I had to see my endocrinologist in Oakville the next day because of my situation and found out I had lost 11 pounds. I was also told that all of my hormone levels have evened out and gone back to normal. So despite what my cortisol levels said they were at the day I was discharged, the rest of my body said otherwise. Cushing’s Disease is a tricky one and every patient deals with the same issues, but heals differently. Some recover the textbook way, others have levels that go up and down for a couple of months. No one can tell what will happen until after the tumour has been removed.

I have been home for just over a week now and it’s been good. I’ve gone out a couple of times but I have a limit. Thirty minuets is usually my max before I start to get incredibly light-headed and weak. There are some days where all I do is just lay around and only get up to get a tiny meal. The first couple of months will be my hardest in terms of fatigue and it will get better, but it will take about a year for it to truly improve.

Recovering from Cushing’s is a 1-2 year road. People talk to me as though I should be healed now and only recovering from surgery itself. That isn’t the case. I will have a lot of tired days months from now. I will have random Cushing’s symptoms pop up some days, as though I still have the tumour. The road to recovery is not linear. It is unpredictable and rough. The first year is remission, really. After that, you find out if you’ve recovered. Cushing’s can come back. Rare but it can.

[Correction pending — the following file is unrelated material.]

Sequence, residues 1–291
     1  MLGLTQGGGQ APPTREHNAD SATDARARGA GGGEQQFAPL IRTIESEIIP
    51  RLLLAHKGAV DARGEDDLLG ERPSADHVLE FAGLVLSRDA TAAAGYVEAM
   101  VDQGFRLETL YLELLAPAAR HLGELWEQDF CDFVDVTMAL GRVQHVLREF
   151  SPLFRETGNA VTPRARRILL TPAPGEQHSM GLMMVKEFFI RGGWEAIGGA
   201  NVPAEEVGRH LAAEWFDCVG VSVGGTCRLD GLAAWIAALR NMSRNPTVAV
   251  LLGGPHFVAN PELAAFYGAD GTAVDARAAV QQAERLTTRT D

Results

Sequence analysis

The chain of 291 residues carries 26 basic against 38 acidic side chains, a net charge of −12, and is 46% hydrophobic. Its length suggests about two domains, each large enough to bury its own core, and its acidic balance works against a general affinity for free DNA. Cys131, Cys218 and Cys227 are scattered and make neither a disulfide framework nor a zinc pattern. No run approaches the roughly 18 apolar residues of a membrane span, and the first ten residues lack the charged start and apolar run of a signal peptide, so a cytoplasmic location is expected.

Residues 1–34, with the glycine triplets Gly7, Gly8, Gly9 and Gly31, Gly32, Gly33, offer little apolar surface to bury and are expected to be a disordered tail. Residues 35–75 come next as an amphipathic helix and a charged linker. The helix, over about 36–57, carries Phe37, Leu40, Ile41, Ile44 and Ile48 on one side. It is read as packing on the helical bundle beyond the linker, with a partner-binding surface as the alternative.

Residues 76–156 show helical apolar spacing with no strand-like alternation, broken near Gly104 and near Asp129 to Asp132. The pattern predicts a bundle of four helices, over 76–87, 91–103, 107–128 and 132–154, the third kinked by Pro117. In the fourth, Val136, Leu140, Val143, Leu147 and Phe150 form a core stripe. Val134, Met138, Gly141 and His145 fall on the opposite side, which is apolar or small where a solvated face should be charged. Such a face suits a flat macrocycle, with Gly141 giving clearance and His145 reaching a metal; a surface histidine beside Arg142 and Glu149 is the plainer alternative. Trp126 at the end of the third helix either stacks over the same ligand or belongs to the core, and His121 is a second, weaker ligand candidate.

I have to thank my family, Eric, friends and former boss/co-workers for all their support before the surgery. It is really hard to deal with someone who has a chronic illness. I thank my family, friends and Eric for helping me through this healing. There is a long road ahead and they’ve been so helpful already.

I really need to thank Danielle for being such a major support on my journey. If you need a refresher, Danielle is a young woman who I connected with on Instagram. She had her surgery in August of 2015. She was operated by Dr. Zadeh as well. Danielle has been there since just before I got my MRI that confirmed I had a tumour in my brain. She has let me ask her questions, rant and discuss everything. I am so thankful I had her throughout this all. I can’t imagine how much more scared I’d be if I didn’t have her support. I can’t wait to be a part of her team for the walk in the Brain Tumour walk in June, raising awareness.

Thank you to everyone for all of the support always throughout this. Everyone’s kind words and support mean so much to me. Thank you πŸ™‚

2 thoughts on “The After Life.

  1. Sending well wishes on your journey to recovery! I am 3 years into remission and I can tell you, in the beginning take it slow. When it hurts, cry. When you feel good for even just a second, smile. You’ll get there and it will take a while, but keep fighting.